NHS Digital is extending a programme designed to help people and groups who lack the skills to effectively use digital health services.
The organisation has announced a three-year programme to help develop effective models to improve digital health skills and access to digital services and information.
The project is the next phase of a three-year Widening Digital Participation (WDP), first initiated in 2013. Alongside the charity group Good Things Foundation, NHS Digital will develop 20 local digital inclusion pathfinder projects.
NHS Digital report that one in 10 people in England lack the skills to benefit from digital health technologies. The pathfinder projects were designed to improve digital health skills and in doing so support patients in the move towards a more digitised NHS.
Previous pathfinder projects include a scheme with Islington CCG to help young people with mental health problems and learning disabilities and a social prescribing project with Sheffield CCG, supporting older people with one or more long term conditions.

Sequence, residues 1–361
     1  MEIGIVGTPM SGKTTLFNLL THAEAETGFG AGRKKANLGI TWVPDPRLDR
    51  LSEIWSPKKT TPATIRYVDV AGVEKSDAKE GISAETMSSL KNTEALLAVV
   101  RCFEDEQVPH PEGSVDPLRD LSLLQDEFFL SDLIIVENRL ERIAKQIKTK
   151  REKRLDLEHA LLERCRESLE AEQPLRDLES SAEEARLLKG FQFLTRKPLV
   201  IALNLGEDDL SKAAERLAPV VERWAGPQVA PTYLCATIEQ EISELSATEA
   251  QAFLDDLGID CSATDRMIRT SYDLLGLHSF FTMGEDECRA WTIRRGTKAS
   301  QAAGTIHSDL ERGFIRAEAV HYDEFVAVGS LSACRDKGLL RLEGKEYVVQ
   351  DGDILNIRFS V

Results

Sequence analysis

WDP programme director at NHS Digital, Amanda Neylon, said: “We know that there is a strong correlation between digital exclusion and health inequalities. Through this project we hope to enable and support vulnerable people to take control of their own health care by providing them with the skills and confidence to go online and access digital health information and services. Good Things Foundation will bring a wealth of experience of reaching digitally and socially excluded groups and we are looking forward to working with them over the next three years”.
Helen Milner, chief executive officer of the Good Things Foundation, said: “We are delighted to be working again on NHS Digital’s Widening Digital Participation programme. We’re passionate about creating a digitally confident population and through our 3,000 community hubs we know Good things Foundation can play a crucial role in scaling digital health inclusion interventions and forming an important backbone for people-powered health.
“Digital healthcare is an area where the ‘furthest first’ are set to gain the most. By pursuing this project we can relieve pressure on NHS services, reduce costs, and contribute towards health as a social movement, putting people in control of their healthcare and improving their well-being.”